POV’s digital director, Theresa Riley, reports on her experience attending this year’s INPUT, a public media conference held from May 9-12, 2011 in Seoul, South Korea.
I had the honor and pleasure to attend the 2011 INPUT conference in Seoul, South Korea earlier this month. INPUT is an annual conference that gathers public media producers, filmmakers, broadcasters and distributors from around the globe to watch and discuss the best public broadcasting programs of the previous year.
Since its beginnings in the late ’70s, INPUT has expanded from an event to promote the exchange of ideas between American and European public media producers to include participants and programs from all continents. This year’s schedule included programs and films from more than 25 countries, and a handful of selections from the United States (three of which aired on POV!):
- Food, Inc. (POV 2010)
- The Most Dangerous Man in America: Daniel Ellsberg and the Pentagon Papers (POV 2010)
- StoryCorps Shorts (POV 2010)
- Independent Lens’ The Parking Lot Movie
- ITVS’s Web-only shorts series FUTURESTATES
- Penn State’s Telling Amy’s Story
- Afropop’s NORA
I’d never had the opportunity to attend INPUT, so I was thrilled to talk about our Food, Inc. social media campaign as part of a panel titled “Changing the World: Strategies to Make a Programme More Effective!” It was scheduled for the last day of the conference, so I spent the first three watching more films than I had ever seen in a 72-hour period — and I work in public media! I saw films from far-flung (to me!) locales, Europe, the Balkans, Asia…
Since I produce content for the POV website, I was particularly interested in the online projects of the European network Arte, Korean broadcaster KBS and others.
The films and programs that made the greatest impact on me included the following (in no particular order). If they air on your local PBS station or online in the future, I encourage you to check them out!
Chernobyl: A Natural History
This French film from Arte about what is happening to animals and plant life in the Chernobyl Exclusion Zone was eye-opening and truly amazing. It was a real surprise to me, because I expected an entirely different story, one of a natural disaster of epic proportion. And although some of that was true, especially in the immediate aftermath of the meltdown, the film showed that nature has a way of rebounding that I certainly didn’t expect. The work that Russian, American and other scientists are doing investigating the genetic anomalies that have occurred due to radiation and other factors was totally fascinating. It was also unfortunately well timed in the shadow of the Fukushima disaster. The audience encouraged the NHK programmers in the room to show it on Japanese television because it provided a hopeful message in the wake of tragic events.
Village Without Women
Village Without Women is a film about a small, hillside village in Bosnia that has lost all of its women. I enjoyed it for many reasons — chief among them was the fact that it was not about conflict. It told a simple, universal story of what happens to the remaining residents of small towns (or in this case, a village) that are depopulated due to economic circumstances. The film provided a glimpse of a place and people I will probably never have the opportunity to visit and meet. The filmmaker, Srdjan Sarenac (remember that name) stumbled upon the village by chance, and filmed there on and off for more than four years to relate this story of a farmer in search of a wife. The resulting film was enlightening, funny and very entertaining. It made an impression on me that I won’t soon forget.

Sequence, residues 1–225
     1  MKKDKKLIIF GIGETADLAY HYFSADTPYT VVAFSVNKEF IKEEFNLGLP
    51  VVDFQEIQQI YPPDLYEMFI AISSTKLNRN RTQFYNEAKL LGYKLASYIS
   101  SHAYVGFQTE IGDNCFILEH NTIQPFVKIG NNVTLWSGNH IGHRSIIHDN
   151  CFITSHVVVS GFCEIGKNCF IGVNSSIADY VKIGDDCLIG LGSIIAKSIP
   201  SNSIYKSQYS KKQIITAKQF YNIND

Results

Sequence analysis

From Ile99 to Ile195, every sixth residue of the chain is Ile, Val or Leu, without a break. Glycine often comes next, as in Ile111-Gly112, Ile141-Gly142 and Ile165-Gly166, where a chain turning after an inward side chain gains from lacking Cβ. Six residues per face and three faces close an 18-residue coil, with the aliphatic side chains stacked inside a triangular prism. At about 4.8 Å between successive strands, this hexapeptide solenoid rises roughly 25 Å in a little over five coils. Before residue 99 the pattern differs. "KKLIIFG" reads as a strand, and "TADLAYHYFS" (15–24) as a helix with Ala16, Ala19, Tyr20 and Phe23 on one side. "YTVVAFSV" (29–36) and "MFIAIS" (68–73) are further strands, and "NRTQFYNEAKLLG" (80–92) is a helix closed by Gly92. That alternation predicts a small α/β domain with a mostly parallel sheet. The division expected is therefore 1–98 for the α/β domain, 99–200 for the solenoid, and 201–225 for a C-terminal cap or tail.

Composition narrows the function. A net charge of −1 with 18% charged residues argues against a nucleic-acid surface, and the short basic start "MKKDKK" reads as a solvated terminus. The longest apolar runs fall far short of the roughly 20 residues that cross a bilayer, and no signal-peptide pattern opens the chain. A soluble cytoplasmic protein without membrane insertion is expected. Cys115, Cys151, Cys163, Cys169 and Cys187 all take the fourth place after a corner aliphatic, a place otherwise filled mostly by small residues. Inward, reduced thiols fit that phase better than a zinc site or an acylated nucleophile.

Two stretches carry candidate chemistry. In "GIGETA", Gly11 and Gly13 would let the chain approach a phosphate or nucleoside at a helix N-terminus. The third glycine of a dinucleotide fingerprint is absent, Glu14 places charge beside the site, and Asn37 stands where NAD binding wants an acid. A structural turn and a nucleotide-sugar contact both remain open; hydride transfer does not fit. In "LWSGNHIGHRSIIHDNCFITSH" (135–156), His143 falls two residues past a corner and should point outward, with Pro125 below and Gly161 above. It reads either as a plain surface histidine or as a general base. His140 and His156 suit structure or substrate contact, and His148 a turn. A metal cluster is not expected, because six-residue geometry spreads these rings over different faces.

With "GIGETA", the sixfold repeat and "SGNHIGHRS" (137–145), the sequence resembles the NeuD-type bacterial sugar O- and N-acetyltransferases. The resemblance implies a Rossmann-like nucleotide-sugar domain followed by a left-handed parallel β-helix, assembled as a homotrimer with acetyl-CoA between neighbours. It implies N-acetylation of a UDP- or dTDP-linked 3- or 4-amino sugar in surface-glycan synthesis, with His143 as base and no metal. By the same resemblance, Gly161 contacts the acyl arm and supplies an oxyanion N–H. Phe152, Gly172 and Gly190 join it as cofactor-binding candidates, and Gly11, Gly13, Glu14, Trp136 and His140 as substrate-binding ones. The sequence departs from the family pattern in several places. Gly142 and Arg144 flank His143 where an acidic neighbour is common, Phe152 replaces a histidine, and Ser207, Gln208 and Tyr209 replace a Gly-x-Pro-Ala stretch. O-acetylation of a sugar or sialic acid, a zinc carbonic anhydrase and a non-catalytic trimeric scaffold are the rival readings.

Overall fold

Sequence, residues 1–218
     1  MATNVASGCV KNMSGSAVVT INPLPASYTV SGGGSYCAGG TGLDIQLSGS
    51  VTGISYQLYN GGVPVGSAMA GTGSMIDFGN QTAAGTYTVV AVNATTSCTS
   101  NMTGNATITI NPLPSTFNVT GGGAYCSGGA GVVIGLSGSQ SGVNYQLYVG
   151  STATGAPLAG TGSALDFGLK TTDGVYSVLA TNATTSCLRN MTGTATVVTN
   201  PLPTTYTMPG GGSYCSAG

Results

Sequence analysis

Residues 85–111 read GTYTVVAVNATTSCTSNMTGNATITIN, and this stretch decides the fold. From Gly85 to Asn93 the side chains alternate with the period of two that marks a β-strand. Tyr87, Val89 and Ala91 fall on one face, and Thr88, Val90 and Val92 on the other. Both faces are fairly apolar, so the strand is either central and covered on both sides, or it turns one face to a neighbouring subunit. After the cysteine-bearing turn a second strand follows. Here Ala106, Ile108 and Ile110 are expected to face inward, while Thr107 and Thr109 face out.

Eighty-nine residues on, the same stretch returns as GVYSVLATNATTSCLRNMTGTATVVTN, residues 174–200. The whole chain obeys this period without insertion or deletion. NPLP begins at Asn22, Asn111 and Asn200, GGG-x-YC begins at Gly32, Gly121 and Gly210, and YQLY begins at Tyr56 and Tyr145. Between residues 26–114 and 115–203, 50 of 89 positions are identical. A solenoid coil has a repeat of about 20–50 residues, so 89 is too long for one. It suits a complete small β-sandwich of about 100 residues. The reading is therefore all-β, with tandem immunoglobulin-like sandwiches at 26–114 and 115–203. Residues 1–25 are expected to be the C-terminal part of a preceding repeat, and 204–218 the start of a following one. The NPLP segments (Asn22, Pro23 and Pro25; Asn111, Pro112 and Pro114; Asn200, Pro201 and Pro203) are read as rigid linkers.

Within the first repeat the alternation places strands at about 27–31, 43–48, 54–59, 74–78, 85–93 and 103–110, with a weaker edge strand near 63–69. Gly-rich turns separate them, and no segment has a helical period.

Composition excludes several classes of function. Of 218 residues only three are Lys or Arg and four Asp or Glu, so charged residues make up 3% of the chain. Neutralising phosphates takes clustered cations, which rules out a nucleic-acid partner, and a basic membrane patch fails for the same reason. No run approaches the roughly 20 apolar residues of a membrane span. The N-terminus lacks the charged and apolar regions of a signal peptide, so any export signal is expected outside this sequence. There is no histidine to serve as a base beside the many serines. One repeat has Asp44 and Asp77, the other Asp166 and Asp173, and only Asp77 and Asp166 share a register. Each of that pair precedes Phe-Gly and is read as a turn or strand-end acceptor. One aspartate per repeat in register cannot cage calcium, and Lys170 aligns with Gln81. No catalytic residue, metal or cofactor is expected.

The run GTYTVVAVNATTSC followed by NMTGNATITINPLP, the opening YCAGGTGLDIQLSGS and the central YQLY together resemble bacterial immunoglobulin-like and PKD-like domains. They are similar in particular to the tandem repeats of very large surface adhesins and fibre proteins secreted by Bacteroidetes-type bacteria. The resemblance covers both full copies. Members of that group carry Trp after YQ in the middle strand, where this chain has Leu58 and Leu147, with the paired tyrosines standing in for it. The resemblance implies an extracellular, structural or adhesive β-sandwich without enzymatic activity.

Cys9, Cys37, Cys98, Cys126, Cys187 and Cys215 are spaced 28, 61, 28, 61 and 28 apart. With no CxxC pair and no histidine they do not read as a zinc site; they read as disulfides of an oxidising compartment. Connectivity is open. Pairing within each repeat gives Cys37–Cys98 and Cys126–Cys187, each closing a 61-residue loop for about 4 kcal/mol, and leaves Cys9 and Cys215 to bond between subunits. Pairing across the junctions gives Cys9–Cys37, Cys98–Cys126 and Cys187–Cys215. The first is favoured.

Revolution 101, featured alongside The Most Dangerous Man in America in a panel about keeping politics out of public media, also stuck with me. The film, which covered a 10-year campaign on the part of the filmmaker and other independent producers to keep the Knesset out of public media featured very personal, innovative filmmaking. I was entertained by the thought that director Doron Tsabari was sort of the Michael Moore of Israel.
The Green Wave
The Green Wave is an animated film produced in Germany that was one of many to bring me to tears. The idea of animating and reading aloud the blog entries of young people involved in the so-called Green Wave movement in Tehran last year was very effective. The film personalized the revolution happening in the Middle East in a way that just isn’t possible in a traditional news story (or a Twitter feed) about the consequences of people taking to the streets. The animated sequences were riveting. (If you are in New York, The Green Wave will be featured at the upcoming Human Rights Watch Film Festival.)
These are just a few of the stellar films and programs that screened at INPUT this year. In addition to thanking the filmmakers who produced all the featured films, I want to thank KBS and all the INPUT members involved in putting together such a great conference. In particular, the musical extravaganza that KBS put together featuring performances of traditional Korean music, K-Pop (Korean pop music that is something to behold!) and renditions of classic American songs (“Over the Rainbow” and “Proud Mary” to name a few) was amazing. The teenagers that made up the rest of the audience alongside the INPUT attendees were nearly as entertaining as the performers. Who knew that Korean kids hold up Lite-Brite-like signs at concerts to show their love for K-Pop bands? I certainly didn’t.